‘I would say that I am old enough to know that there are very few women my age who have not been subjected to some form of sexual assault in their respective lifetimes. I know this because I am one of them.’
Minister Josepha Madigan during a Dáil debate on Domestic, Sexual and Gender-Based Violence (DSGBV) on Tuesday would have had many women nodding in recognition. There are very few women who have not been subjected to sexual assault. Most women have been. A not insignificant number of men. A fifth of girls and almost as many boys will be. A few words that highlight how terrible and banal sexual violence is.
The European Institute for Gender Equality (EIGE) today announced they will be launching a report calculating the monetary cost of gender-based violence across Europe in August. In this report the cost to Ireland is estimated at €4 billion. €4bn each and every year. 80% of this annual cost of gender-based violence arises directly out of mens’ violence against women. And EIGE estimates funding for victim’s services across Europe amounts to a mere 0.4% of this cost.
Let us remind ourselves that an annual €4bn deficit after the recent economic crash was deemed so untenable it triggered harsh austerity measures for a decade. On reflection, spending more on preventing and addressing sexual and domestic violence during the crash might have been an alternative way to balance our books. Instead, the decade of austerity hit the domestic and sexual violence sectors hard. That was gendered budgeting at its sharpest. That was systemic and institutional misogyny.
A welcome million here and there over recent years saw rape crisis budgets almost reach 2008 levels by 2019. Almost! For the RCNI, the only specialist sexual violence evidence and policy level body in Ireland, we entered into 2020 carrying only 30% of our pre-austerity capacity.
Rape crisis centres have been able to draw on additional funding from Tusla, but the funding can be ad hoc and insecure. We cannot provide survivors with the beginning of what can be a challenging journey in specialist counselling, confronting the impact of the trauma they carry in their lives, and then abruptly finish that relationship because the funding has run out. People accessing Rape Crisis Centres face ever growing waiting lists. We are innovating around how to protect and support survivors on waiting lists when we should not have waiting lists. We cannot build specialization to understand and develop solutions to rape culture, rape myths and systemic hurdles, if we can only bring people in on short term contracts. We cannot deliver survivors voices as statistical evidence without a skilled network curating that data.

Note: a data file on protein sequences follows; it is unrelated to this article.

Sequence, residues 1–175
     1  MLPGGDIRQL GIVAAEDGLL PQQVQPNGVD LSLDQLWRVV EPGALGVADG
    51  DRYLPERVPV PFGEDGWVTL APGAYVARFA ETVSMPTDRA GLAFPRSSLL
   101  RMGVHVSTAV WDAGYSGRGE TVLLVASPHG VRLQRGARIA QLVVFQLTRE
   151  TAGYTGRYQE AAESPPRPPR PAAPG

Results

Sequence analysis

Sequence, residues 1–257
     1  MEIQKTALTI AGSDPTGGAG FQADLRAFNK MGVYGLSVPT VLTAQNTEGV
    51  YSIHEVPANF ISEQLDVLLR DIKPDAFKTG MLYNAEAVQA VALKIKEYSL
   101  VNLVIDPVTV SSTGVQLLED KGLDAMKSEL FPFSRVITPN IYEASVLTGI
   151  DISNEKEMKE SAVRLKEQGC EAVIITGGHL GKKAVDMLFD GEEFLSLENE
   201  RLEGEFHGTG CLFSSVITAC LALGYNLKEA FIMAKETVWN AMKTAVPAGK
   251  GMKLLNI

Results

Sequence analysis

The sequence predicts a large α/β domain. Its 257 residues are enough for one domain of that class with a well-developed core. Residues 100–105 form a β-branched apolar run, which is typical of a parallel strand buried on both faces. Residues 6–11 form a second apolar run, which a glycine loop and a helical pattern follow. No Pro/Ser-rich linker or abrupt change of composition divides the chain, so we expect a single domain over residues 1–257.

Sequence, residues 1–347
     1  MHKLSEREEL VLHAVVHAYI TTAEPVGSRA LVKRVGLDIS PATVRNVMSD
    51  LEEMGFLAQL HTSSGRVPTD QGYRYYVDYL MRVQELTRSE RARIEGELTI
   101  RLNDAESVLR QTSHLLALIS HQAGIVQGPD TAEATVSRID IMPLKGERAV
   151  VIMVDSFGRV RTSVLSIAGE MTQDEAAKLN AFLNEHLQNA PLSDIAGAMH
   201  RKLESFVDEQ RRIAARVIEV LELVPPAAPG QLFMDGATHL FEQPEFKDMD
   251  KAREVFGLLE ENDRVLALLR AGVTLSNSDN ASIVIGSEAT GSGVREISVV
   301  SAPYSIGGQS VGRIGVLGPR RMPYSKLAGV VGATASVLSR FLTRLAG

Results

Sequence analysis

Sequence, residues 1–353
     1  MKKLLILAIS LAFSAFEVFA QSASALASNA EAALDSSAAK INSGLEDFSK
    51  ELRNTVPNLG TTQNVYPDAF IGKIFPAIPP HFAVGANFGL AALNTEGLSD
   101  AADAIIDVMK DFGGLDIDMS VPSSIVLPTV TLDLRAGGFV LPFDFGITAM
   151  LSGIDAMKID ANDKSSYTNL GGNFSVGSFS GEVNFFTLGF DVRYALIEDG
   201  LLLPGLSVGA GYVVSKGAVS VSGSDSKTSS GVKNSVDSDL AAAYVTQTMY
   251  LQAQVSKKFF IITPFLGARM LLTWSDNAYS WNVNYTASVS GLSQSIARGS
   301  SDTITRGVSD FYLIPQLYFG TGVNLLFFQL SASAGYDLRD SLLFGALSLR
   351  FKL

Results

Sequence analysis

Very shortly RCNI will be launching ‘Storm and Stress: An Exploration of Sexual Harassment Amongst Adolescents’ which provides up-to-date evidence that children and young people are experiencing sexual abuse at school. One of our rape crisis counsellors undertook this research as a PhD after our calls to the Department of Education to undertake this research fell on deaf ears over the past decade. We continue to highlight the appalling vista of there being no national policy to combat sexual harassment in schools while the prevalence of harm is so normalized it is hard to grasp.
In the Autumn we will release the National Rape Crisis Statistics from survivors for 2020. We can already tell you that in a sample of seven RCCs there has been a 25% increase in appointments for counselling and support, and a 22% increase in contacts made to Helplines compared to the previous year. All of
these Helplines are funded by donations – no RCC Helpline outside of Dublin is state funded. This is vital information to government as it faces into the challenges cited by the Deputies on Tuesday in the Dail. These statistics are available today only because volunteers across rape crisis centres, our partner software specialist, academics and some of the best data protection experts in Ireland gave of their time and expertise generously and for free. Only in 2020 did the Department of Justice begin to provide some funding support for this work.
In the Autumn we will also complete research into how sexual violence survivors’ needs are being met by specialist counsellors and how we support that ongoing learning. However, there is currently no funding to train more counsellors.
We had two hours in the Dáil this week to discuss what we are doing to prevent sexual violence. When survivors are ‘worth’ only 0.4% of a €4bn scale problem, we should not be congratulating ourselves for ad hoc, insecure, relatively small pots of additional funding. We should be asking why we have not built and secured an infrastructure commensurate with the scale of the problem. This is the opportunity this moment presents, this is what this government can choose to deliver.
Clíona Saidléar is Executive Director of Rape Crisis Network Ireland. This article was first published in the Irish Examiner on Thursday 9 July 2021.